I’m loving textured knits for jackets/blazers and cardigans lately. At some point, I’m thinking that I have to tell myself that I have enough textured, colored jackets, but I don’t think I’ve hit that point quite yet.

Summer Sewing Roundup: Part 1

It seems that this summer, I was more into the sewing than the writing-about-the-sewing. Before I knew it, summer was essentially over, and I had a pile of new clothes, but no new blog posts. At least I was being productive with one of the two, and will aim for a better balance this season. Though it was fun to write this post and look back at how well everything I’ve made in the last few months works with each other to form a cohesive and easy-to-wear wardrobe. I also seem to have ended up with a bunch of tops that look great with white jeans, which wasn’t my intent when I chose my fabrics, but is nice for summer.

WithNeedleAndThread - Lekala 4119

WithNeedleAndThread - Lekala 4119

 

 

 

 

 

 

 

 

 

 

Lekala 4119, a kimono sleeve, drapey cowl-neck top was the first pattern that I took on for the summer season. A very simple pattern, with just three pieces, this is a great pattern for those who aren’t sure about digital download patterns (though, I, myself, am sold on the idea and have no problems taping printer paper together).

I loved the first one (pink floral) that I quickly whipped up a second version of this top. Both tops are made with ITY knit, which I think is one of the best fabrics for this style top as it has a lot of drape and doesn’t form permanent wrinkles within the cowl.

I did find that the pattern had a bit more ease than I was expecting, and the sleeves were far longer and baggier than I was expecting. I ended up taking about an inch+ from the bottom of the sleeve, tapering a similar wedge down to very little at the side. I also added a bit to the top curve of the front cowl to get more fabric to drape and fill the neckline. The top wound up being long enough without the hem band that I was able to leave off the band for a slightly dressier look. Once I decided that I was going to leave off the band, I realized that this would be a great project for me to play with the rolled hem stitch on my serger, and finished all edges with a lettuce/ruffle rolled hem.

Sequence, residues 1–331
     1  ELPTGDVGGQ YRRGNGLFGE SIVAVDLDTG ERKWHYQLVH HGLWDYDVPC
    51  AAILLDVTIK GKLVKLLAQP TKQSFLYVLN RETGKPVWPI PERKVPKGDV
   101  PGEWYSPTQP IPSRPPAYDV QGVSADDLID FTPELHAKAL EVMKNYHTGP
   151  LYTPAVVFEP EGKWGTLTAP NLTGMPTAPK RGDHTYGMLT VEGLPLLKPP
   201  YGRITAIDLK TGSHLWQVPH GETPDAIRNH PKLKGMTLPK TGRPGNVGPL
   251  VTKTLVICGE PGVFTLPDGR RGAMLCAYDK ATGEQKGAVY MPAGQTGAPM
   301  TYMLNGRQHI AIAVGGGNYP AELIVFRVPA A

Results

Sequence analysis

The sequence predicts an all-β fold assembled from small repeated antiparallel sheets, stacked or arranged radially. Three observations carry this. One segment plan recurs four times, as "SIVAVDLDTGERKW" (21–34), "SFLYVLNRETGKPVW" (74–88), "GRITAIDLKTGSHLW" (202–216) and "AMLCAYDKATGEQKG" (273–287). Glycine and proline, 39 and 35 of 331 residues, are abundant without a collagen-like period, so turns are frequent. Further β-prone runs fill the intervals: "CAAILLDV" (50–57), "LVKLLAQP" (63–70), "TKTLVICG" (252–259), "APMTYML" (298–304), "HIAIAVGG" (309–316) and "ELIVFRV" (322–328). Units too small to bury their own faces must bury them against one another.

WithNeedleAndThread - Lekala 4284

I followed this pattern with another Lekala pattern, Lekala 4284, a knit top with a bow-style back, and a subtle (or not, depending on your fabric choices) yoke in the front. There are darts drafted into the front of the pattern, but I chose to leave them off and to ease the excess material into the seam as I sewed the side seams. Much to my excitement, this was the only alteration that I made to the pattern. Well, that and hemming the sleeves with a deeper hem to get more of a cap sleeve.

Although it looks like it would be a stand-out type of piece that you would only have room in your closet for one of, I quickly made this top in three different fabrics (a print, a textured solid, and a solid with lace and lace overlays on the bow/yoke),  and get different reactions to all three versions. I love that the front is modest/subtle, yet when you turn around there is a pop of style from the dipped bow.

After making these five shirts, I decided it was time to get away from knit tops and add another type of garment to my wardrobe. Stay tuned for Summer Sewing Roundup: Part 2 shortly.